And added: “India continues to remain concerned about the security of our diplomatic representatives in Canada and expect the Canada government to ensure that they are able to carry out their responsibilities without fear”.

Another glaring instance, on whose outcome India should really seriously be concerned was the adoption in the Canadian Parliament on 8th May 2024 a resolution moved by a Liberal Party member of Indian origin, Sukh Dhaliwal.

The resolution stated that recent events, including the credible allegations of a link between agents of the Government of India and the Nijjar killing are examples of rising forms of intimidation, threats and interference from countries such as India, China, Russia, Iran and others.

It asked the Trudeau Government to review the measures to ensure that diaspora communities are protected from acts of political interference, violence or intimidation on the Canadian soil.

This reaffirms India’s contention that Canada was becoming a haven for terrorists with state protection in the name of freedom of speech even as the demand for stern action against those indulging in such activities or their deportation is met with deafening silence.

No surprise the Indian foreign minister S Jaishankar has gone on record to say, “Khalistan forces have been given a lot of space in Canadian politics. It is not India’s interest and not in Canada’s interest either”.

He added: “New Delhi remains open to cooperation if Canada provides pertinent information regarding violence relevant to India”. 

The Khalistan movement has died down in India’s Punjab nearly four decades ago but elements inimical to India’s interests are raking it up from time to time in Canada, U.K., the United States and some other western countries.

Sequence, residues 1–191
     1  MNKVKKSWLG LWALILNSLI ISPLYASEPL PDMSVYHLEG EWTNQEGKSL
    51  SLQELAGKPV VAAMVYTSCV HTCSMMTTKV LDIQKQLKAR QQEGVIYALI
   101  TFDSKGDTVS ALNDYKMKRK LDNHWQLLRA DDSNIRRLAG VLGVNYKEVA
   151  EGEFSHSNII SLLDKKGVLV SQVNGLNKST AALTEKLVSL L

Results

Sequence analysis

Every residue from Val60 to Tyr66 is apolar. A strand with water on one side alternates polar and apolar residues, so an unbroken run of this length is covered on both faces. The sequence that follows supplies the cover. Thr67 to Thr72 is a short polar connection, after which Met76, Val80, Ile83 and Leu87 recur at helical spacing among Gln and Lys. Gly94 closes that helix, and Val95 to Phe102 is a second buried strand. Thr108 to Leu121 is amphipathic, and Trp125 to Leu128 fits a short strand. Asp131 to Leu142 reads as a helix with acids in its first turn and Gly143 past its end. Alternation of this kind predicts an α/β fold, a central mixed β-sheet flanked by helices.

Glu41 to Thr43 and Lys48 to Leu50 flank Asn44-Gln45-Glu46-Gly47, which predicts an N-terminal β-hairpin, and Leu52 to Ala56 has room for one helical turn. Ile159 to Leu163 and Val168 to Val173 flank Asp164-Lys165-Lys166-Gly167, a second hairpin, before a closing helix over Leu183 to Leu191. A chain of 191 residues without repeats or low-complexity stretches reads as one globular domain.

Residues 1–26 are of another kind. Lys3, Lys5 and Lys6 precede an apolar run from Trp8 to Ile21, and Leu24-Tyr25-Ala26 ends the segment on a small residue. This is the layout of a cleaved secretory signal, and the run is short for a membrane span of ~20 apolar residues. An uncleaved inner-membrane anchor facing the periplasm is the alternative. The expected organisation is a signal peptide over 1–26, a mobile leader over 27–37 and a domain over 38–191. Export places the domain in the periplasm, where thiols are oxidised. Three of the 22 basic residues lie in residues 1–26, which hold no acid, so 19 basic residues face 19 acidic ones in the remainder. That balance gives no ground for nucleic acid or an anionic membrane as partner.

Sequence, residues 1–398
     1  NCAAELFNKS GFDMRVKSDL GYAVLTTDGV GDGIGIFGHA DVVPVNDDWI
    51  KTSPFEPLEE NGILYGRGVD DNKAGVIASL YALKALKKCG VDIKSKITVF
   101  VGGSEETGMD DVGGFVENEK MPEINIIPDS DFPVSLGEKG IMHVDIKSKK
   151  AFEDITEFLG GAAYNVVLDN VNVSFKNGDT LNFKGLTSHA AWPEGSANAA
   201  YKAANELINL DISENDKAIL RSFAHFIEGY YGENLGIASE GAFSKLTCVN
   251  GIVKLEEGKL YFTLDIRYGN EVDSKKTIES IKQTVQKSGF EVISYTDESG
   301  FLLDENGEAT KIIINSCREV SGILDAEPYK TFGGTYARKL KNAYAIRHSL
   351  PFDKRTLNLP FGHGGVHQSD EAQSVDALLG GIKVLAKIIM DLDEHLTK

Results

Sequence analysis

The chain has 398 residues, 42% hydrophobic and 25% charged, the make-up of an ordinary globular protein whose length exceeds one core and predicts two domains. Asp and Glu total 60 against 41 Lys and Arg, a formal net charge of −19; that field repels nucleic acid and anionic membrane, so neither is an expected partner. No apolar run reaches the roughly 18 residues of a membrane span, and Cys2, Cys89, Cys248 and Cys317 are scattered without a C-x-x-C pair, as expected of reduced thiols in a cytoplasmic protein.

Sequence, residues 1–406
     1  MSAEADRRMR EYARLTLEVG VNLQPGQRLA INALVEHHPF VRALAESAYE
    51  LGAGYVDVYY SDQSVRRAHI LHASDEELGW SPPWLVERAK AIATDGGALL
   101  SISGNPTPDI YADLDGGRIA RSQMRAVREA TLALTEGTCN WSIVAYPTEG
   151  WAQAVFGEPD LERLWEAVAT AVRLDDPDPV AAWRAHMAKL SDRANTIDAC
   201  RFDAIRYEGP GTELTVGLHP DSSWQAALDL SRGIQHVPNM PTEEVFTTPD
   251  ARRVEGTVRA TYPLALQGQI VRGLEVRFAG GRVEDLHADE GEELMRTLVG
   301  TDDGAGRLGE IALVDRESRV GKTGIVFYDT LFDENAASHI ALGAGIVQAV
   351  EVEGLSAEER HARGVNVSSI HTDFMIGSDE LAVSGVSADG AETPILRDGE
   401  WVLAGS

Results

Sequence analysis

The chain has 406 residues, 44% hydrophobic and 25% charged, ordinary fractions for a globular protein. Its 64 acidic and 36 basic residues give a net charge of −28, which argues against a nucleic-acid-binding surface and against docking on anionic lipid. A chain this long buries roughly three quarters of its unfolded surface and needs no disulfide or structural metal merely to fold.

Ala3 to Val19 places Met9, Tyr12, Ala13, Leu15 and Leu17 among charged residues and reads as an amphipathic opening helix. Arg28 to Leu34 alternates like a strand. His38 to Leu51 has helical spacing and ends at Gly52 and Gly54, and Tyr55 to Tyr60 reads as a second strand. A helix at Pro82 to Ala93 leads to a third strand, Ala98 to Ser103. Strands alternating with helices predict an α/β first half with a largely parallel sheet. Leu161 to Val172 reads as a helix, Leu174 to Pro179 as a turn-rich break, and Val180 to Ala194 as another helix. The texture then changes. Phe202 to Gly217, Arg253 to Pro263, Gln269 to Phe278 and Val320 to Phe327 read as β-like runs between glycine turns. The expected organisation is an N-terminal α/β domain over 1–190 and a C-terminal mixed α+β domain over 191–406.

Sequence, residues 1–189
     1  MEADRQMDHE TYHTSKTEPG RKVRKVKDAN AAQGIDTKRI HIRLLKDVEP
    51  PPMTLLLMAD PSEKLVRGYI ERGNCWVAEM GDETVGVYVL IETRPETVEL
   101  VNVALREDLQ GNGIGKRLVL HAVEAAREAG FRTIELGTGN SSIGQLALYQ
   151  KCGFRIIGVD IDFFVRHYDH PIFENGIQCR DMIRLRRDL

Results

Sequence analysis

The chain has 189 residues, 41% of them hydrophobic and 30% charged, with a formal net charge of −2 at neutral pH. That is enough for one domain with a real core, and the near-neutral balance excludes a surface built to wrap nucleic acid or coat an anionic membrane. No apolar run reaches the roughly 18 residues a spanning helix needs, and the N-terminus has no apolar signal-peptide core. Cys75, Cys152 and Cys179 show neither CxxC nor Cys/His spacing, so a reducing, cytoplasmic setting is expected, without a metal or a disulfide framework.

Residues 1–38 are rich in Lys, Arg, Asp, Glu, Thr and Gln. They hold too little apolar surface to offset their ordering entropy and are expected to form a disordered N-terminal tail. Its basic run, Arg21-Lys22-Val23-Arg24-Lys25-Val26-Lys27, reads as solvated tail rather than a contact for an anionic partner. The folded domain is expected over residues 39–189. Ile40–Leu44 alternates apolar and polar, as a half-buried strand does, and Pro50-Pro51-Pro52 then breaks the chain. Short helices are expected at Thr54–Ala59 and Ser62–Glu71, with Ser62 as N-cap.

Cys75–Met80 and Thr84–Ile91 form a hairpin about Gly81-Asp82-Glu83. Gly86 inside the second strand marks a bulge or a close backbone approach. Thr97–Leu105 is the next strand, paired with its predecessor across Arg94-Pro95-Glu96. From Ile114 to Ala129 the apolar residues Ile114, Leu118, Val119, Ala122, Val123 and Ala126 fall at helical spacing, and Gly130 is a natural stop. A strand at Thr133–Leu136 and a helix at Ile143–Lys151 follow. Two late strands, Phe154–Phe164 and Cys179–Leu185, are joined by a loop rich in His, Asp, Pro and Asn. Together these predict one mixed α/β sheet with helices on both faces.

Authorities must deal with such diaspora elements firmly giving paramountcy to relations with India.     

This is not an unjustified demand by any means.

The West, particularly Canada must demonstrate what they preach in the name of democracy, peace, and security rather than playing vote bank politics with no concern whatsoever to the territorial integrity of a friendly nation.

As I was about to wrap up the commentary, came the report that on Thursday, June 6, around 30 protesters gathered in front of the Indian Consulate in Vancouver, vandalised the Indian flag and glorified the assassination of Prime Minister Indira Gandhi by her Sikh body guards in 1984.  

Significantly, the abhorrent Khalistani display has drawn criticism from two federal ministers and a Canadian law maker.

Minister of Public Safety Dominic LeBlanc said, “This week, there were reports of imagery depicting the assassination of Indian Prime Minister Indira Gandhi in Vancouver. The promotion of violence is never acceptable in Canada”.

LeBlanc- speak is a rare and firm stance by the Canadian government against those who glorify violence. 

Anita Anand, President of the Treasury Board, expressed her concerns as well, saying, “The use of violent imagery in relation to Indira Gandhi is disturbing and unacceptable as it promotes and perpetuates hate and violence.”

In a detailed post, Canadian MP Chandra Arya said, “Khalistan supporters in Vancouver with posters, of Hindu Indian prime minister Indira Gandhi body with bullet holes with her bodyguards turned assassins holding their guns, are again attempting to instil fear of violence in Hindu-Canadians.”

He pointed to a similar float in Brampton a couple of years ago and recent provocations by Gurpatwant Singh Pannun of separatist “Sikhs for Justice”, who had urged “Hindus to leave Canada.”

Pannun is a wanted terrorist in India.

Elaborating on the symbolism used by the extremists, Chandra Arya said: “The prominence of bindi on the forehead of Indira Gandhi is to make doubly sure the intended targets are Hindus in Canada”.

He called upon Canadian law enforcement agencies to take ‘immediate action’, highlighting that ‘with picture of guns readily being used to convey the message may lead to something real if this is left to continue unchallenged’.

These three statements of LeBlanc, Anita Anand and Chandra Arya indicate that despite Trudeau-ism, there is still scope for a turn-around in India-Canada ties.  

(The writer is a veteran broadcast journalist)